- Charles Nicholl, Shakespeare and his Contemporaries, 2015, p. 84
- Cooper, Tarnya, Elizabeth I & Her People, 2013 (accompanying the exhibition at the National Portrait Gallery from 10 October 2013 - 5 January 2014), p. 180
- Cooper, Tarnya; Fraser, Antonia (foreword), A Guide to Tudor and Jacobean Portraits, 2012, p. 25 Read entry
One of the earliest images of an Elizabethan poet, this portrait of the exceptionally talented John Donne was perhaps designed as a personal message to an unknown lover. The portrait may reflect Donne’s troubled heart and his melancholy state of mind when, as a young man in his early twenties, he was finishing his education at the Inns of Court in London.
Donne is shown here in an unusual pose with his head set back in shadows, his collar untied and arms crossed, as if caught up in contemplation. The Latin inscription around the edge of the oval can be translated as ‘O Lady lighten our darkness’ and might be read as a plea to a reluctant lover.
Donne was probably closely involved in the composition, and this important portrait has been described as a product of his imagination, ‘as much as the Elegies and Satires’. Donne described the portrait in his own will as ‘the picture of myne which is taken in the shaddowes’ when he bequeathed it to a friend just before his death.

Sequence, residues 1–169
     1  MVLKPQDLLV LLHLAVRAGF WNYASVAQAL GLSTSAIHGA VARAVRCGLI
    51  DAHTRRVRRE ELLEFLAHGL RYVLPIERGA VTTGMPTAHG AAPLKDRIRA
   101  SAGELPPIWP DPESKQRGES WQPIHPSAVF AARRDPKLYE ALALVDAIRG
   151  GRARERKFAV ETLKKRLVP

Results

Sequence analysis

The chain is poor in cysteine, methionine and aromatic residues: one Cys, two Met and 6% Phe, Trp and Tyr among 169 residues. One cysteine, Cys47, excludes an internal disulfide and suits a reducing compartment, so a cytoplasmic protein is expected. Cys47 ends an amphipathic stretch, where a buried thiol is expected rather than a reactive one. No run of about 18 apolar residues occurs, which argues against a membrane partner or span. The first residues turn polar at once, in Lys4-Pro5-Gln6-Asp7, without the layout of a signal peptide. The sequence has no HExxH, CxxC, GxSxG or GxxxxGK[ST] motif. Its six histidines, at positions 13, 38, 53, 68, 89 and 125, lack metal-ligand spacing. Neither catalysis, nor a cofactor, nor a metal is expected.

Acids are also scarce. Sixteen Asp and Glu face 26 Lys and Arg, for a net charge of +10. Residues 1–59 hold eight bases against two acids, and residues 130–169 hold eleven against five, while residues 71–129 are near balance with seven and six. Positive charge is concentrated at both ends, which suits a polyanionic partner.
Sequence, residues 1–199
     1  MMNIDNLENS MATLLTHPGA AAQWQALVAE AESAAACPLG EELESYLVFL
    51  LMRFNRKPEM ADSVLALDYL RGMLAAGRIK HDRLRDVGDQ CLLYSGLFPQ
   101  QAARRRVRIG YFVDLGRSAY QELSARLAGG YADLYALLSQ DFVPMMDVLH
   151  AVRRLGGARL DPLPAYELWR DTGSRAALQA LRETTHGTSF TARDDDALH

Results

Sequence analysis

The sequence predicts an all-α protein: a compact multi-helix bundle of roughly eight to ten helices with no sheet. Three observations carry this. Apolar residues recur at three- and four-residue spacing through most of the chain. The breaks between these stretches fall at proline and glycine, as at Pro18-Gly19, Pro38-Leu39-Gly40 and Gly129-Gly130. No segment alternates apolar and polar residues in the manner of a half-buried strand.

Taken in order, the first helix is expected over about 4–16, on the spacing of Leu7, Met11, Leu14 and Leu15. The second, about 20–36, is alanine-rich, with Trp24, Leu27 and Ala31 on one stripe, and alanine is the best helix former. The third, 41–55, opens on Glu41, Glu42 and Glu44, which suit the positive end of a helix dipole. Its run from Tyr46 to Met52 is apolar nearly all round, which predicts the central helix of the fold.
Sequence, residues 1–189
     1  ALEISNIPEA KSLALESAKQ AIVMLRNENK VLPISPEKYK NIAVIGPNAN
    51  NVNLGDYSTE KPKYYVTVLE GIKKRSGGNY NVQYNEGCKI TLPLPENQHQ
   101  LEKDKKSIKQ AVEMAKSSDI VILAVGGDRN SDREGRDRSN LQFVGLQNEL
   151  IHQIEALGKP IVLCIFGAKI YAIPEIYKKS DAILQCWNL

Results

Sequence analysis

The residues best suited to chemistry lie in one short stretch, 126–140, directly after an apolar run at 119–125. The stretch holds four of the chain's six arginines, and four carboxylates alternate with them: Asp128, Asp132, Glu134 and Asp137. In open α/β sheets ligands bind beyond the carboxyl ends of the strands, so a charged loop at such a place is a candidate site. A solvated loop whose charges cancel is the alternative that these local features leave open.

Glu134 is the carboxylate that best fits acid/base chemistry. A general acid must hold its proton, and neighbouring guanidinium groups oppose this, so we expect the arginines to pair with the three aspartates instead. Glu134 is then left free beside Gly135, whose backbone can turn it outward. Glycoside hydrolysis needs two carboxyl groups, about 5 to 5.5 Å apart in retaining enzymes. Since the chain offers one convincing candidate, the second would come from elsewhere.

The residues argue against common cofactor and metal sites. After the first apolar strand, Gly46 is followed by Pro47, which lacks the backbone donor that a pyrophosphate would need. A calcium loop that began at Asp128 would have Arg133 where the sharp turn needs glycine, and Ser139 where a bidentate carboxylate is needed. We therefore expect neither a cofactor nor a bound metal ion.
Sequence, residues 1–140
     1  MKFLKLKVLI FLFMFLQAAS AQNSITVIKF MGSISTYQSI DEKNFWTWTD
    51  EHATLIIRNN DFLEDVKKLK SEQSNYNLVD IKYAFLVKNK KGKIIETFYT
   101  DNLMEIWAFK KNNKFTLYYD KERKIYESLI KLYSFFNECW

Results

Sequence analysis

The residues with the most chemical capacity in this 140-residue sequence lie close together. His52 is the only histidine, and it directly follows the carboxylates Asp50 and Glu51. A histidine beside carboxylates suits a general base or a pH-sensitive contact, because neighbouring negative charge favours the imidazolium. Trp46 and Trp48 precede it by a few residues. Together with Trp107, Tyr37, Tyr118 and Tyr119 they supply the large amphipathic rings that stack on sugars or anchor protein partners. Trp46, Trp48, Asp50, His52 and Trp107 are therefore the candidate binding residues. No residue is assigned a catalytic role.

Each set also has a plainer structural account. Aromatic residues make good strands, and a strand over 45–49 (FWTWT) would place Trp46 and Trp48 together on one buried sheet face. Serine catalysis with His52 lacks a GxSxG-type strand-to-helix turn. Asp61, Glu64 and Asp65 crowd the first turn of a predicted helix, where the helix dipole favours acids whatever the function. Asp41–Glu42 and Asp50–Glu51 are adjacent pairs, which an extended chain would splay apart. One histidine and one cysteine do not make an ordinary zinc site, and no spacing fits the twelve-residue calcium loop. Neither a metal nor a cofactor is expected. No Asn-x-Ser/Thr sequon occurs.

- Ribeiro, Aileen; Blackman, Cally, A Portrait of Fashion: Six Centuries of Dress at the National Portrait Gallery, 2015, p. 66
- Various contributors, National Portrait Gallery: A Portrait of Britain, 2014, p. 58 Read entry
The poet John Donne, who trained as a lawyer, is best known for the passionate and witty love poems he wrote in his youth, around the time this portrait was painted. A student at Oxford and at the Inns of Court, Donne was raised a Roman Catholic, converted to the Protestant faith and in 1615 was ordained a priest in the Church of England. He became chaplain to James I and was later Dean of St Paul’s Cathedral.
This portrait is one of the earliest of an Elizabethan poet. It presents Donne in the guise of a brooding, handsome melancholic lover, with his long dark hair, and sensuous lips. The artful dishevelment of his triple-layered lace collar, which is left slightly open, enhances the sense of the poet’s preoccupation and may be a pun on his name and state of mind (un-done). The Latin inscription around the oval, which translates as ‘Lady/or mistress/ Lighten my darkness’, is a deliberate misquotation of Psalm 17, and implies that the cause of Donne’s misery is a woman. Donne bequeathed this picture, which he described in his will as ‘taken in shadowes’, to his friend Robert Ker, later 1st Earl of Ancram.